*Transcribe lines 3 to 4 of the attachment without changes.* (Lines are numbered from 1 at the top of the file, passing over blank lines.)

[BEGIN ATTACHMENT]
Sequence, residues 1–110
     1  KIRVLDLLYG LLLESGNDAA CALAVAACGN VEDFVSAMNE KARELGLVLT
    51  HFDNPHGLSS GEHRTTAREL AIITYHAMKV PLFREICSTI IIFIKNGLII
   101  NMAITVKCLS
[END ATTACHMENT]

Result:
    51  HFDNPHGLSS GEHRTTAREL AIITYHAMKV PLFREICSTI IIFIKNGLII
   101  NMAITVKCLS